Wednesday, February 25, 2015

Fictive Desires vs Imaginary Desires

OK, here is a fun set of philosophical puzzles, courtesy of current philosophers like Doggett, Egan and Kind … English is pretty comfortable talking about perception-like imaginings (imagine a sunset), or belief-like imaginings (imagine that John Steward is going to run for president in 2016), but are there desire-like imaginings? If so, what would they be like? What role would they play? Is there a natural way to talk about them? Doggett and Egan call them “i-desires” and admit that English doesn't usually talk this way. Kind asks if there are any other natural languages that do talk about desire-like imaginings.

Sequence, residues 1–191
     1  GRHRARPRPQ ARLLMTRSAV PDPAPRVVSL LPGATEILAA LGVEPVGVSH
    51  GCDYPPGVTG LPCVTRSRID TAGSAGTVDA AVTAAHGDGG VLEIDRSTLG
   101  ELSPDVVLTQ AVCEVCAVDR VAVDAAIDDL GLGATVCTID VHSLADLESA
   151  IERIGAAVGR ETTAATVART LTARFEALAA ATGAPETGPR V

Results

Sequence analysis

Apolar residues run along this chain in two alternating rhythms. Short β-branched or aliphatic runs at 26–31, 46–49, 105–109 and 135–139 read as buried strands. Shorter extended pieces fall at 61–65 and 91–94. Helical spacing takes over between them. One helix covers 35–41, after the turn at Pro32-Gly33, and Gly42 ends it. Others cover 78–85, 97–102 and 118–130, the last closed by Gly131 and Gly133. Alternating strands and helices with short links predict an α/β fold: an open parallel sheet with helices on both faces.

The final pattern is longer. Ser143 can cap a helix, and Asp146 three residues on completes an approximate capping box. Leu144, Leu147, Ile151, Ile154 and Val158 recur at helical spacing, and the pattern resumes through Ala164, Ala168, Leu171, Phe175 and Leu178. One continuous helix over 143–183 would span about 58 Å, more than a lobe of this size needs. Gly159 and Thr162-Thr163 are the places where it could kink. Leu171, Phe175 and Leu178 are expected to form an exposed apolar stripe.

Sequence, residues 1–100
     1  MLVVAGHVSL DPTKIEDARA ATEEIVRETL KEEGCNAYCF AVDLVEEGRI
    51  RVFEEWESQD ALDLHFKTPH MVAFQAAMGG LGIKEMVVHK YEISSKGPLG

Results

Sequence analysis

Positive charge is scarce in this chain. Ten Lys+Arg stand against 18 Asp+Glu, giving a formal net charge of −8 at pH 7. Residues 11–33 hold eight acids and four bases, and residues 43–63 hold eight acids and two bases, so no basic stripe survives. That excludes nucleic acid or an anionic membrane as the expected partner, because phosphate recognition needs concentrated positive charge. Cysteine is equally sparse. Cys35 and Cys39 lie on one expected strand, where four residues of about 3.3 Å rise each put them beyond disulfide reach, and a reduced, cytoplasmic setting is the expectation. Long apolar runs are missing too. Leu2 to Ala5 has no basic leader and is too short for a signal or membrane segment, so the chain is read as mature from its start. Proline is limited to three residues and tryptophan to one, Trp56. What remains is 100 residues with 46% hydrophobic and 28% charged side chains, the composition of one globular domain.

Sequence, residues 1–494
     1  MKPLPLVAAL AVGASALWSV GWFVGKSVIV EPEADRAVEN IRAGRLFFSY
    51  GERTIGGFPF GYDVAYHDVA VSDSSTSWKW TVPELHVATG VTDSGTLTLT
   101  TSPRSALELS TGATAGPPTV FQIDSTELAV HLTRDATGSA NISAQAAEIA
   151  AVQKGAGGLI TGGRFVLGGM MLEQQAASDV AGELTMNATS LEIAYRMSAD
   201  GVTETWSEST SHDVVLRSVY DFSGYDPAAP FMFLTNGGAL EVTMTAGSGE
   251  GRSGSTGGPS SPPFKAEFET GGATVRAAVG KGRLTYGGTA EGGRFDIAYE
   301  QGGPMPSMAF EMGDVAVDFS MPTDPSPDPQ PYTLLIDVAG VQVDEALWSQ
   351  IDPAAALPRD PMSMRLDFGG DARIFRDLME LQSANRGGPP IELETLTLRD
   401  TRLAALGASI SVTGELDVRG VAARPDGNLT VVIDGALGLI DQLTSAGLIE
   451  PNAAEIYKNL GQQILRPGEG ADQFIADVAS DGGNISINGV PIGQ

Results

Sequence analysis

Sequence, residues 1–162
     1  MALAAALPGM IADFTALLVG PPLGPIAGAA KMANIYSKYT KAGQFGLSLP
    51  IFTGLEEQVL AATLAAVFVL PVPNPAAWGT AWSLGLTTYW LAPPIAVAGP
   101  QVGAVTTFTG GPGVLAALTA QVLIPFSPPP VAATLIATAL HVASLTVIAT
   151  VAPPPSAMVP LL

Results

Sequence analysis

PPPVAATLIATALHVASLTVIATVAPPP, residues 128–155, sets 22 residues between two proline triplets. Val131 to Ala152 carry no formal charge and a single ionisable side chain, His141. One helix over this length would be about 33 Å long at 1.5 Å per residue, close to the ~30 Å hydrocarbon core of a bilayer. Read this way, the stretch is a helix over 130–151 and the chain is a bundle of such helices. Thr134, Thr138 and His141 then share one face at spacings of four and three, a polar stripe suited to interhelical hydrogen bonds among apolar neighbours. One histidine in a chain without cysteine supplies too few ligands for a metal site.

I for my part, have had several reactions here, and I'm sorta still processing them, but hopefully this blog post will be a little less confused about it, than my chats and emails so far, but not all the way to a scholarly article on it or anything. One of the reasons that desire-like imaginings would be handy if they existed, is that could serve explanatory roles parallel to actual desires in a variety of cases where there seems to be no parallel actual desire. So one of Kind's examples goes like this.
“A desire-like imagining is meant to be "a conative state that stands to desire as imagining stands to belief" (Doggett and Egan). The standard case of desire-like imagining is the conative attitude we take towards a fictional character -- as when I [want] Tony Soprano to get away from the cops. I don't believe that Tony Soprano is running from the cops; I (belief like) imagine it. And likewise, I don't want Tony Soprano to get away from the cops, I desire-like-imagine it.”

Or for Egan